"World of Dance" The Duels conclude with more difficult match-ups. So far, though, the act that scored higher in the first round has emerged victorious in this round as well, rendering it essentially unnecessary. What we need to see is an upset with someone coming to this party to slay and taking out a contender ranked above them. Otherwise, why are we doing this? Don't get me wrong, I love seeing these dancers perform again, but I don't want the results to essentially be a foregone conclusion. Thankfully, tonight offered several surprise upsets.
The competition is broken up into three divisions: Junior (under 18), Upper (up to 4 dancers, 18 and over), and Team (5 or more dancers, 18 and over) -- and each act is judged 0-20 points in each of five categories for a possible total of 100 points. This time around, it's simply a matter of outscoring your opponent. Categories include performance, technique, choreography, creativity, presentation.A quick reminder about me: I spent nearly a decade of my life sweating and bleeding to the music as a dancer, all for this moment: armchair judging a dance competition. From a young boy learning a shuffle-ball-change to performing with the St. Louis Ballet Company, I experienced the ups and downs of one of the most difficult physically demanding sports on the planet.
Fair warning, since I'm safe at home, I'm probably going to be a little harsher than my colleagues Ne-Yo, Jennifer Lopez, and Derek Hough. But I might be nicer, too. Maybe.
Kinjaz followed the lead of other acts we've seen before by reaching way down for their match-up to a team that scored well below them. It's strategically sound, but it's also disappointing from the point of view of wanting to see strong competitions. Kinjaz is tight, while Stroll Groove puts passion and emotion into their works. But can love overcome? Probably not, after Kinjaz added moving walls to their precision. It was amazing, creating some fantastic visuals and their stunt work was absolutely brilliant. These guys are so on point and in sync, and they upped their game tremendously with smooth choreography. Unfortunately, it wasn't even close. Just as Stroll was getting into their groove, the dance ended. They were doing some stepping and some b-boy moves, but nothing dynamic or particularly memorable. They skipped emotion and went for straight-up dancing, and it wasn't even close.
As expected, L&J brought it with the lifts, but there was almost too much emphasis on it over actual dance. Incorporated as part of a dance routine, these lifts can be absolutely breathtaking, but we're barely given a chance to take a breath before the next one takes off. They're amazing at what they do, and I loved the hands-free spin, and even the reverse lift to close the dance, but I want to see more dance from them. And then DNA came out and once again, her partner was not strong enough. He fell down right at the top, and though they gave us very sharp dance moves, every lift was a bit of a struggle, and a couple of them were downright disastrous. She's a stronger dancer than he is, and could really shine with a stronger partner (literally). What a disappointment, and so difficult to watch. I cringed several times. I wish I could combine the dance technique of DNA with the lift capabilities of Luka & Jenalyn. That would be an amazing couple to watch.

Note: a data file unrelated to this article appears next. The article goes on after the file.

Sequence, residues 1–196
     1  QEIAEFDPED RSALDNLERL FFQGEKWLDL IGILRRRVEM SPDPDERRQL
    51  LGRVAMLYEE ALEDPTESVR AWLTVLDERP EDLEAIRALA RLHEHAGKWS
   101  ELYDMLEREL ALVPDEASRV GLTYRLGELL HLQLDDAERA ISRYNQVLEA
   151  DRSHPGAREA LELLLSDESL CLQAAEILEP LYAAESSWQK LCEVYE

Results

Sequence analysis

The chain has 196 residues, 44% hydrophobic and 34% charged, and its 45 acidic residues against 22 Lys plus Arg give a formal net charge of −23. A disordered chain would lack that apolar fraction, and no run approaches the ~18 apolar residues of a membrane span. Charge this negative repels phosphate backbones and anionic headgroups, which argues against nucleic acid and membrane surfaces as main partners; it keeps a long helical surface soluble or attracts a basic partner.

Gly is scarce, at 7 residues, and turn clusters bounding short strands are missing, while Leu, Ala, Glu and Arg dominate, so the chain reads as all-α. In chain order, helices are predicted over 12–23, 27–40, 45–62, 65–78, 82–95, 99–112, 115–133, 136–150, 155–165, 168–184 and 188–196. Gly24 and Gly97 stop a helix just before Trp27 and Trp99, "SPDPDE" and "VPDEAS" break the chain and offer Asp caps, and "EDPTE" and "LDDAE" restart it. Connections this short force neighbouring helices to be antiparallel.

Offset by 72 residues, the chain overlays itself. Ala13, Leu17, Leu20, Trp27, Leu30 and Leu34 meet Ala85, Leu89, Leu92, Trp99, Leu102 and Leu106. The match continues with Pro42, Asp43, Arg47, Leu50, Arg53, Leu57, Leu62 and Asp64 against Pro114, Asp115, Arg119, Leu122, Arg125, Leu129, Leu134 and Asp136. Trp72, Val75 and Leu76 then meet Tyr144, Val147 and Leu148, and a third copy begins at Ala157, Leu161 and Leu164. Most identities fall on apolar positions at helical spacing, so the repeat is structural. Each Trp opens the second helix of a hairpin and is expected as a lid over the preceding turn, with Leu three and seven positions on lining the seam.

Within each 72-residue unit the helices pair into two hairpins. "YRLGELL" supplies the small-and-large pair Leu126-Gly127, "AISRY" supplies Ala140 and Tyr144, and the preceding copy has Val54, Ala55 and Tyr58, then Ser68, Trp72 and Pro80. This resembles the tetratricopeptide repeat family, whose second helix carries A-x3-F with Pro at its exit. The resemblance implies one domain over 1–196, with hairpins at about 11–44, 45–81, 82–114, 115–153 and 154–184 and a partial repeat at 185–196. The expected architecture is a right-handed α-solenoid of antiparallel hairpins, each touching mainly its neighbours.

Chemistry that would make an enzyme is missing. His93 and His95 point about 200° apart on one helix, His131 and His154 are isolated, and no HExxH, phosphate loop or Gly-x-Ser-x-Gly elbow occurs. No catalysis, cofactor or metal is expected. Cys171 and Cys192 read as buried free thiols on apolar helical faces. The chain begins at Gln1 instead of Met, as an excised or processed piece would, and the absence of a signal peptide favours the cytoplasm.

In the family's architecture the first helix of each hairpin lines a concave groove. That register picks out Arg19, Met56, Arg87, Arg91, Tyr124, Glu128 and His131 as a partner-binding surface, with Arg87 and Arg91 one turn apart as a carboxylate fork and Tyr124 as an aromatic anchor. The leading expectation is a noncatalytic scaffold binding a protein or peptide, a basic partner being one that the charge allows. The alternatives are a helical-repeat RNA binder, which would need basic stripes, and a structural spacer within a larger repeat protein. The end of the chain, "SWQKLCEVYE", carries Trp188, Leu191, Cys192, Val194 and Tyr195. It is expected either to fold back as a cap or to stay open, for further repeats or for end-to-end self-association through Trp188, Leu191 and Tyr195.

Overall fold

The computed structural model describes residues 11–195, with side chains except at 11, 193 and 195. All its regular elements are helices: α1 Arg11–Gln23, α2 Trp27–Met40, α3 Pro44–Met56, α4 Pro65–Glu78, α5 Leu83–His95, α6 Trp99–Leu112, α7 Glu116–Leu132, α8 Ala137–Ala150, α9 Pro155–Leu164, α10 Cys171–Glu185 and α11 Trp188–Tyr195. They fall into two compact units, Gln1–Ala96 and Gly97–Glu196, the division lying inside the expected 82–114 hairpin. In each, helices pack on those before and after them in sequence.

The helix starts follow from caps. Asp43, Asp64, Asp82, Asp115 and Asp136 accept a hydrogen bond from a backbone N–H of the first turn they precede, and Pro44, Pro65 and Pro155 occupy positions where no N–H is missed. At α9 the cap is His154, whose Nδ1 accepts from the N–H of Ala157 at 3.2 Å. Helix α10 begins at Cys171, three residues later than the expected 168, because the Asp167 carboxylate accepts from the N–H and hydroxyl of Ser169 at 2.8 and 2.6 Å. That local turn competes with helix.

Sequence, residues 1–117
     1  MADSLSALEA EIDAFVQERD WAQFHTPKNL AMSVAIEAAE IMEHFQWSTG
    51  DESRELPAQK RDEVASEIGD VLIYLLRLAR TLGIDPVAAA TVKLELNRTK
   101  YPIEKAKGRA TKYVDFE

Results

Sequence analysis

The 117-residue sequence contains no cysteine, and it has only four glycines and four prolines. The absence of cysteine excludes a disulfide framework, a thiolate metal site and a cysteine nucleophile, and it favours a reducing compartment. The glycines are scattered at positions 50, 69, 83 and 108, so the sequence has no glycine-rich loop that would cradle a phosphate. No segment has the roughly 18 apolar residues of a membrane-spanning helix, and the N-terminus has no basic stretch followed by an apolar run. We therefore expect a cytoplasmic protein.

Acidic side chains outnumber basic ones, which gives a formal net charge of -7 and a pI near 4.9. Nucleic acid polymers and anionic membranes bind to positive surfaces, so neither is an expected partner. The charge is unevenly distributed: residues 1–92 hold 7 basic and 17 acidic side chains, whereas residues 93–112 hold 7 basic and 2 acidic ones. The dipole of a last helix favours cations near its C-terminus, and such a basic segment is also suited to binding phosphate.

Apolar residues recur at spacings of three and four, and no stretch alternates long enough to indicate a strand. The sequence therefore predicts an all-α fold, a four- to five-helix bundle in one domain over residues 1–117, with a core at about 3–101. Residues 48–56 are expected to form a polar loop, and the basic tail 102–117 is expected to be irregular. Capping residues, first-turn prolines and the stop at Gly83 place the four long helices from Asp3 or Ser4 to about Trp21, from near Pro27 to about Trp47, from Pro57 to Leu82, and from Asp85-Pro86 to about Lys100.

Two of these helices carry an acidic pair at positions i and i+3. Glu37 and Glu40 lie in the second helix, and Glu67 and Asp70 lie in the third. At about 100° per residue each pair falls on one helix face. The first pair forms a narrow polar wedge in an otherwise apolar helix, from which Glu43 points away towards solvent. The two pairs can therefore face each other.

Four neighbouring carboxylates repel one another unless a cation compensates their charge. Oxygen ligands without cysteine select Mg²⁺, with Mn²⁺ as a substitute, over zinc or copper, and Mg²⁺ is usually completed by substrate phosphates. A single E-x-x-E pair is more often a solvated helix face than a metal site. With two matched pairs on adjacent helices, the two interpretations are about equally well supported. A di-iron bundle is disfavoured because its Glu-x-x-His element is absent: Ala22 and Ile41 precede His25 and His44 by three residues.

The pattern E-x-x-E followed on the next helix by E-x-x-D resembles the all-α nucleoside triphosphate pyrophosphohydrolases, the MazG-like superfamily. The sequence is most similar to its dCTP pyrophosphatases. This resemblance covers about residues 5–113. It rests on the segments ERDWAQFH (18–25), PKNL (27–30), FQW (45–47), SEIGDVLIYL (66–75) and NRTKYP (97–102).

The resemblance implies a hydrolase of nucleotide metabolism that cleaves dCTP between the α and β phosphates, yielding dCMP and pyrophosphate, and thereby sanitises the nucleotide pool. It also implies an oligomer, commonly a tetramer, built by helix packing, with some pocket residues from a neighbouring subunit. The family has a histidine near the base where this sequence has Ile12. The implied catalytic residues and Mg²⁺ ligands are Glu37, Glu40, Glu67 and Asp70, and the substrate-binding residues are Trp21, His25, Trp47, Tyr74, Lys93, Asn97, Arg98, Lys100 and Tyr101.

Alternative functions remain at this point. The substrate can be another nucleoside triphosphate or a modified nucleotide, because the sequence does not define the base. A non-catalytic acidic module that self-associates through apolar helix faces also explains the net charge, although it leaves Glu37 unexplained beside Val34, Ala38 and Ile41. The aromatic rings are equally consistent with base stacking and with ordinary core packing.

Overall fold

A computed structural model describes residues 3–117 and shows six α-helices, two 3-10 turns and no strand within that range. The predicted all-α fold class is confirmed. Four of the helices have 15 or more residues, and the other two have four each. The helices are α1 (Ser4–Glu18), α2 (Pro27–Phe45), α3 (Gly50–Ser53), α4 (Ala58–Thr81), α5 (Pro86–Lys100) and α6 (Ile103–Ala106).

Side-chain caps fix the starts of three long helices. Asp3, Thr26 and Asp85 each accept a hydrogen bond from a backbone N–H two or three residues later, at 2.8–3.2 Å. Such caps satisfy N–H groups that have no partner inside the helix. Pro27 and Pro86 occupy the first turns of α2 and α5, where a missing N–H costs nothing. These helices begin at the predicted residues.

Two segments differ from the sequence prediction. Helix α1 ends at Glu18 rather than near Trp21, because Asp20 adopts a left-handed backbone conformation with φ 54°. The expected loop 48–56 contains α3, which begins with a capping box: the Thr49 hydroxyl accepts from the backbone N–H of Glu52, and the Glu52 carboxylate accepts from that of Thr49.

Luka & Jenalyn Judges Scores: 88.7
Luka & Jenalyn My Score: 17 (Pe.), 16 (Te.), 16 (Ch.), 19 (Cr.), 19 (Pr.) = 87
DNA Judges Scores: 80.3
DNA My Score: 15 (Pe.), 14 (Te.), 18 (Ch.), 17 (Cr.), 16 (Pr.) = 80
D'Angelo & Amanda (#3) vs. The Mihacevich Sisters (#5) [Junior]
(D'Angelo & Amanda Video Unavailable)
On the first floor spin, Amanda lost her spot and faltered, and then seemed dizzy getting back to her feet. Spotting is essential, and it's hard to recover from if you've blown it as it throws off your equilibrium and rhythm. The Sisters were much tighter, working better as a unit. It was a lovely and strong contemporary piece against a faltering Latin number. We didn't see all of either performance, but the winner was clear, and I got the upset I was looking for. Granted, it came because Amanda genuinely messed up, but I'll take it. These two were tightly matched coming into the round, making for a more interesting duel. But with a tight pair, shouldn't we have seen the entire performances, over seeing blowout duels.
The Mihacevich Sisters My Score: 17 (Pe.), 18 (Te.), 16 (Ch.), 15 (Cr.), 17 (Pr.) = 83
Jabbawockeez (#5) vs. Ian Eastwood & the Young Lions (#6) vs Rouge (#8) [Team]
The first three-way battle features the three teams that were left after selections were made. While Jabbawockeez might seem the obvious favorite, they didn't bring their A-game their first time out. A vulnerable Jabbawockeez could leave room for an upset. Rouge kicked it off and seemed rattled by the competition. An aerial cartwheel suddenly found hands, and they faltered a bit in their lines. The energy was there, but they didn't really bring anything super memorable to their performance and are unlikely to continue after that. Jabbawockeez brought some of their new groove to the isolations that made them famous, and it's an interesting mix. They definitely brought it with a much stronger performance, and I think it's my personal preference for the Jabbawockeez of old that kept me from loving it outright. Ian Eastwood and the Young Lions came out strong and definitely upped their game from their first time out, but there still wasn't enough dynamism to win this duel for me. I appreciated some of the isolations they tried, and they were impressively in sync throughout the routine. This is an up and coming group for sure, but I'm not thinking this is their year just yet. The judges disagreed. I had a one-point spread and they did, too. They just gave the edge to Ian Eastwood & the Young Lions.